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Morales v. Gipson

United States District Court, N.D. California

April 23, 2015



WILLIAM H. ORRICK, District Judge.


Petitioner Joseluis Morales's motion to alter or amend the judgment is denied because Ninth Circuit precedent forecloses his habeas claims.


This is a closed federal habeas corpus action. Morales challenged the constitutionality of California Penal Code section 2933.6 because it rendered him, as a validated associate of a prison gang, ineligible for various time credits. His equal protection claim was foreclosed by Nevarez v. Barnes, 749 F.3d 1124 (9th Cir. 2014), where the Ninth Circuit, sitting in federal habeas review, explicitly rejected an ex post facto challenge to section 2933.6. Id. at 1128. I denied his habeas petition, which asserted ex post facto, equal protection, and double jeopardy claims, declined to issue a certificate of appealability, and entered judgment in favor of respondent on September 2, 2014. Morales then timely filed his motion under Federal Rule of Civil Procedure 59(e). (Docket No. 28.)


Where, as here, the Court's ruling has resulted in a final judgment or order, a motion for reconsideration may be based on Rule 59(e) of the Federal Rules of Civil Procedure. "Under Rule 59(e), it is appropriate to alter or amend a judgment if (1) the district court is presented with newly discovered evidence, (2) the district court committed clear error or made an initial decision that was manifestly unjust, or (3) there is an intervening change in controlling law.'" United Nat. Ins. Co. v. Spectrum Worldwide, Inc., 555 F.3d 772, 779 (9th Cir. 2009) (quoting Zimmerman v. City of Oakland, 255 F.3d 734, 740 (9th Cir. 2001)).


Morales asserts that the judgment should be altered or amended, and a certificate of appealability issued, because my decision conflicts with Ninth Circuit precedent, I erroneously rejected his equal protection claim, and the state supreme court's denial of my petition was "not on the merits." (Pet.'s Mot. to Alter or Amend ("MAA") at 2-5.) None of these contentions shows that there is newly discovered evidence, or that I committed clear error or made an unjust decision, or that there was an intervening change in controlling law.

I. Ninth Circuit Precedent

I rejected Morales's claims because they were foreclosed by Nevarez. Morales claims that Nevarez is in conflict with an older Ninth Circuit decision, Himes v. Thompson, 336 F.3d 848 (9th Cir. 2003). He contends that the " Nevarez court did not analyze the claim in the same manner [as]... the Himes court, causing here a disagreement that requires [a certificate of appealability] for the Ninth Circuit to clarify both of these cases." (MAA at 2.) He alleges that neither the Ninth Circuit nor this Court considered that the statute applied retroactively. (Id. )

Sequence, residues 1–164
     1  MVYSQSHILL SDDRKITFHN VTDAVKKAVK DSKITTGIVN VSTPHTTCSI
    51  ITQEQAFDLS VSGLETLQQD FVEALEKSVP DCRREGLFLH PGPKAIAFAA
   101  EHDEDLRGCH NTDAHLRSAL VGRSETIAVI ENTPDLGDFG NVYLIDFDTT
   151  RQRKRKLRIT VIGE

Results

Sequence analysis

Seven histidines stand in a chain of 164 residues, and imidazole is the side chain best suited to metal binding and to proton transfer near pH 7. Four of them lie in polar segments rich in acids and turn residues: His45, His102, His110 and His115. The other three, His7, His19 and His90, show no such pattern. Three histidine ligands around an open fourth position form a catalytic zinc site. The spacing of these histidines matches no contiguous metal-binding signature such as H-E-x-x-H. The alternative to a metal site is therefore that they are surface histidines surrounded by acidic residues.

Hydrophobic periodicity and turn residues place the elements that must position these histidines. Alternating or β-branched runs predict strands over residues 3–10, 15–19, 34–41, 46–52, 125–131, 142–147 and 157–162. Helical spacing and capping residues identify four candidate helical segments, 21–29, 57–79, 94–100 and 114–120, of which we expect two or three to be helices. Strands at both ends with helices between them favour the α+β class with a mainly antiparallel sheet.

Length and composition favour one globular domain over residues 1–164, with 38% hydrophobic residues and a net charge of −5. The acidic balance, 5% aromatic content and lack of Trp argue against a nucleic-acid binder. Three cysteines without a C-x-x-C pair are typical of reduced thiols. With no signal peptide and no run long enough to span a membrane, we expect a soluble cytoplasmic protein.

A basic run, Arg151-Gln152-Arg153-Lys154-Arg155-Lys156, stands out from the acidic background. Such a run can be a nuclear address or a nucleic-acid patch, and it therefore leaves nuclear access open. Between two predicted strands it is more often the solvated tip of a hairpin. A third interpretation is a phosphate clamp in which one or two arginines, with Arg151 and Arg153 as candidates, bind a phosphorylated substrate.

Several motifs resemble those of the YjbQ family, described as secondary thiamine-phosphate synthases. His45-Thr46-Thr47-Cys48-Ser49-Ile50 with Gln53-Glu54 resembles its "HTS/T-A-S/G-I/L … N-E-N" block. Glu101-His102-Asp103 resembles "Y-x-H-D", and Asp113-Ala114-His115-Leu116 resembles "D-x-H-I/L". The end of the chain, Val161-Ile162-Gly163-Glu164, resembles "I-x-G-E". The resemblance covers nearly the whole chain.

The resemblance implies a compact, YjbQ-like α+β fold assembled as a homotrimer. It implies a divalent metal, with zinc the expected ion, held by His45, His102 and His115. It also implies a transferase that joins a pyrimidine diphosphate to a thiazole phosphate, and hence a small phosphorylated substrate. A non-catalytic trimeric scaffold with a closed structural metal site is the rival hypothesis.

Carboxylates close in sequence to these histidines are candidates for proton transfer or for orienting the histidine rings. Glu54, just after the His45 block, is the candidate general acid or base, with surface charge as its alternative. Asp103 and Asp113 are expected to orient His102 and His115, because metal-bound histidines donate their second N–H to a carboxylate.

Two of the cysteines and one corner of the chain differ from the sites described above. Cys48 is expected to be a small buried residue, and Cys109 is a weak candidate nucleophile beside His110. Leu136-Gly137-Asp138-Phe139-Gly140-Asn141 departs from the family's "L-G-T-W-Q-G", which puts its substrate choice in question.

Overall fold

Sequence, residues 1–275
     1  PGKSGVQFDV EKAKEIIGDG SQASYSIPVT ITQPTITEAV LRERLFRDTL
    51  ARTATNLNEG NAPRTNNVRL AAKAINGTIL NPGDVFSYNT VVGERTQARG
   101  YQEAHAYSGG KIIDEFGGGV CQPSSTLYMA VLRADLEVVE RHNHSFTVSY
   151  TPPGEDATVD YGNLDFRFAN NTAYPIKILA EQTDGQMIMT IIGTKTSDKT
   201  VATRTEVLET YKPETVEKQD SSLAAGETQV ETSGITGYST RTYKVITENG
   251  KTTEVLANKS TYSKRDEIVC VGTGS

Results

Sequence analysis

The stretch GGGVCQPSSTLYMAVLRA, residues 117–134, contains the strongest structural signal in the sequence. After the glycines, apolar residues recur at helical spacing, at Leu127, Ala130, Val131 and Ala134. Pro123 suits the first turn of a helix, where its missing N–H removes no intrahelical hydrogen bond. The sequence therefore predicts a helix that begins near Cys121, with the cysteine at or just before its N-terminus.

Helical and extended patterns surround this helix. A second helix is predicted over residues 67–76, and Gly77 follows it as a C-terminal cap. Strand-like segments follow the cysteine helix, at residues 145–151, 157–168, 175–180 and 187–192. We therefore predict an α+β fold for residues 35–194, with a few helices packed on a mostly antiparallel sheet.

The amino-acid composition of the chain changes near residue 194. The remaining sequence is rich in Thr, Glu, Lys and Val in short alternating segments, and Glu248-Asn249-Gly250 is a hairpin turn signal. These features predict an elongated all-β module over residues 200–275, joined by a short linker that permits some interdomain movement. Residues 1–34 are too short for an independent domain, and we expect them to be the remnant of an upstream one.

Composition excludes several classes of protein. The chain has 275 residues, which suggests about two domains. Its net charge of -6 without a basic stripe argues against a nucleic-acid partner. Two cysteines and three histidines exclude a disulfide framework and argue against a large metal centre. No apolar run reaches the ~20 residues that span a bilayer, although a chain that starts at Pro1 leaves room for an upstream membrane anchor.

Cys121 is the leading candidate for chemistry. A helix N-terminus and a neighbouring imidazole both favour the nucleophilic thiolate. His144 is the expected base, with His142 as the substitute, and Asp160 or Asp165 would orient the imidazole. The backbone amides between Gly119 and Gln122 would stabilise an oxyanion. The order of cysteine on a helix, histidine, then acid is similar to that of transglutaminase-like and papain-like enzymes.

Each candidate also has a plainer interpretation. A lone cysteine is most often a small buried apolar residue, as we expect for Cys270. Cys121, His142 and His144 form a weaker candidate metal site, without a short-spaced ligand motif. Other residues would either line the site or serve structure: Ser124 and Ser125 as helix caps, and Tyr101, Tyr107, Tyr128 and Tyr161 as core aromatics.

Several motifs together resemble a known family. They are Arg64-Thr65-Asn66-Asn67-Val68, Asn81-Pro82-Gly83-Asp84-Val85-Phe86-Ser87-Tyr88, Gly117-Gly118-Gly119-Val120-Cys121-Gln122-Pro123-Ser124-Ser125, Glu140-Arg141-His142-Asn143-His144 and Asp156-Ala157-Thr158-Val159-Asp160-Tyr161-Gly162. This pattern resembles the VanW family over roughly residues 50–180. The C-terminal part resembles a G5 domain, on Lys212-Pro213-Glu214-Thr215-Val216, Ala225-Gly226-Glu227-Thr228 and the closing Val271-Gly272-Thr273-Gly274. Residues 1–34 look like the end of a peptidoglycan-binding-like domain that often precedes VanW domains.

Morales's contentions lack merit. First, Himes is not on point. It addressed an Oregon statute relating to parole. Nevarez addresses the same California statute relating to the acquisition of time credits that Morales challenges. I must follow Nevarez because it is squarely on point.

Second, I previously considered the issue of retroactivity when I addressed Morales's ex post facto claim. By their very nature, ex post facto claims relate to the retroactive application of laws.

II. Ruling on Equal Protection

Morales's equal protection contentions simply repeat the issues raised in his petition. (MAA at 3-4.) I considered and rejected these arguments in the Order Denying Petition for Writ of Habeas Corpus. Morales has not shown any reason that I should alter my decision.

III. State Court Decisions

Morales contends that the state supreme court's summary denial of his habeas petition was not on the merits. (MAA at 4-5.) I assume that Morales is arguing that the deferential AEDPA standard does not apply and I should conduct a de novo review of his claims.

A federal court must presume that a state court decision ruled on the merits of all the claims in the petition, even if the decision does not expressly say so. Johnson v. Williams, 133 S.Ct. 1088, 1096 (2013). While this presumption is rebuttable, Morales has not rebutted the presumption. He cites California cases that are older than Williams. I am bound to follow the United States Supreme Court's latest word on this matter rather than older California state cases.


Morales's motion to amend or alter the judgment (Docket No. 28) is DENIED.

A certificate of appealability will not issue. Morales has not shown "that jurists of reason would find it debatable whether the petition states a valid claim of the denial of a constitutional right and that jurists of reason would find it debatable whether the district court was correct in its procedural ruling." Slack v. McDaniel, 529 U.S. 473, 484 (2000).

The Clerk shall terminate Docket No. 28.


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